23 February 2009

Earth sciences, human impacts

As this appears in print, a new US president will be in his first weeks at the head of an administration informed by respected earth scientists including John Holdren, Jane Lubchenco, and Steven Chu. The words ‘earth science’ usually evoke those disciplines concerned with the lithosphere (particularly geology, seismology, and vulcanology), but public concern is rising about the effects of human interaction with the other three spheres as well – and all sectors of the earth sciences are intensive consumers of computing resources.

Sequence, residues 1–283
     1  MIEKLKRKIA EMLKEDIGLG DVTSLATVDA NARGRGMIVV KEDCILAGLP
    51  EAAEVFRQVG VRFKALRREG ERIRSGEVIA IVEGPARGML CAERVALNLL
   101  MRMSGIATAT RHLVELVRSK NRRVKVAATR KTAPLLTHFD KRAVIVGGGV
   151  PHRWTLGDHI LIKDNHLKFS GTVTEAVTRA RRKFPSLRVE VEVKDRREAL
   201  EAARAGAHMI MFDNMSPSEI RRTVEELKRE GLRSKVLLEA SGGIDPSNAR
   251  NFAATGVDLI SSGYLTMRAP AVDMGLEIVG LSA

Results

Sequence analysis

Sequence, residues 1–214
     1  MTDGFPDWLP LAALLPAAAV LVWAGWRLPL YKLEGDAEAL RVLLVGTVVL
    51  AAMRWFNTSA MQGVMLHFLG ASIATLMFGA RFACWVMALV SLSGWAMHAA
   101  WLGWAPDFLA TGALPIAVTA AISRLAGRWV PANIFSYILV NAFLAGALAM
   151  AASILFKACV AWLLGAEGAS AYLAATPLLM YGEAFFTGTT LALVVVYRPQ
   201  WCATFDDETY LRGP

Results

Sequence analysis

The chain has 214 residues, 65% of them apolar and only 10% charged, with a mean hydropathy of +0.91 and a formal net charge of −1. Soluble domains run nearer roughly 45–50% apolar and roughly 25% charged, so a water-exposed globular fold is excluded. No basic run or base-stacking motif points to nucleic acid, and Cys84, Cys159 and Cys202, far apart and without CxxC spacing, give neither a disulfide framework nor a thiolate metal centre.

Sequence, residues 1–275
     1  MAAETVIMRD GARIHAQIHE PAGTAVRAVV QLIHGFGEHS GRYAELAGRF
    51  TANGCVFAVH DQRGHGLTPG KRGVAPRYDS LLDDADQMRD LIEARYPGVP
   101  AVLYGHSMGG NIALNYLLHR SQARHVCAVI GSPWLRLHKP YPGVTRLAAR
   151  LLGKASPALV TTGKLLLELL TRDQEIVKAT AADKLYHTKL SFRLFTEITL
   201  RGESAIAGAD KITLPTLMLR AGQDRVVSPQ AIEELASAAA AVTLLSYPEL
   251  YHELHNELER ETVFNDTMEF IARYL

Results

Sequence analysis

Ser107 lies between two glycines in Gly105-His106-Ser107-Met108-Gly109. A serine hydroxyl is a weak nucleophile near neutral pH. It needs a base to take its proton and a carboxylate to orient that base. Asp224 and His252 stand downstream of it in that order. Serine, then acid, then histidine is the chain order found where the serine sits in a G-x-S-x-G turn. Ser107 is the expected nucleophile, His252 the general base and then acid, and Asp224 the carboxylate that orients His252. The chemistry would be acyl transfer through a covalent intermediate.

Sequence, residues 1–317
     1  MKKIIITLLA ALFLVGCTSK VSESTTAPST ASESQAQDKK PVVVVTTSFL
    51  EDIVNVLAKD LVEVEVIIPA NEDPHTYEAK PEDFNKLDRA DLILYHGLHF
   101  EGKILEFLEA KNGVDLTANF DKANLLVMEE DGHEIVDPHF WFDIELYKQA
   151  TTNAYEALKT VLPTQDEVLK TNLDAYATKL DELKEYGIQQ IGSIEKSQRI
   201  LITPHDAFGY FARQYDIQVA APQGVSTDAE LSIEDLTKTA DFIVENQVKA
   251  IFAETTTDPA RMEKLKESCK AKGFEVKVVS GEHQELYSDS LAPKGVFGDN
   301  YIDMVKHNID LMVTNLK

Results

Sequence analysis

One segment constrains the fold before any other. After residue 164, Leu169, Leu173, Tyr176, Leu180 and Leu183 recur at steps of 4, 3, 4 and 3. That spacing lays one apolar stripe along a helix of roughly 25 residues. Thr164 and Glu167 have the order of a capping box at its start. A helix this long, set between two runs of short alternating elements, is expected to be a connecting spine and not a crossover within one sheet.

Computational science began with water. Societies dependent upon fertile flood plains surrounded by arid regions needed advance knowledge of when their rivers would ebb and flood; and from that arose everything from algebra to astronomy. Today, from acute surges in the Thames to chronic vulnerability in Bangladesh, from one-off disasters such as the 2004 tsunami to the global rise in sea level, flooding remains a primary concern. A tsunami is not only a hydrospheric phenomenon, it is also in the class of seismic events. Sea levels are rising due to many causes, but one significant influence is melting of old ice as a result of changing climate – which also affects the crust beneath it, and the flow of Coriolis currents. Scientific computing in these areas embraces collection, assembly, and analysis of huge, complex data sets. There are other data associated with the human impacts of earth science events: mortality, economic dislocation, rescue, recovery, and medical demand. [more...]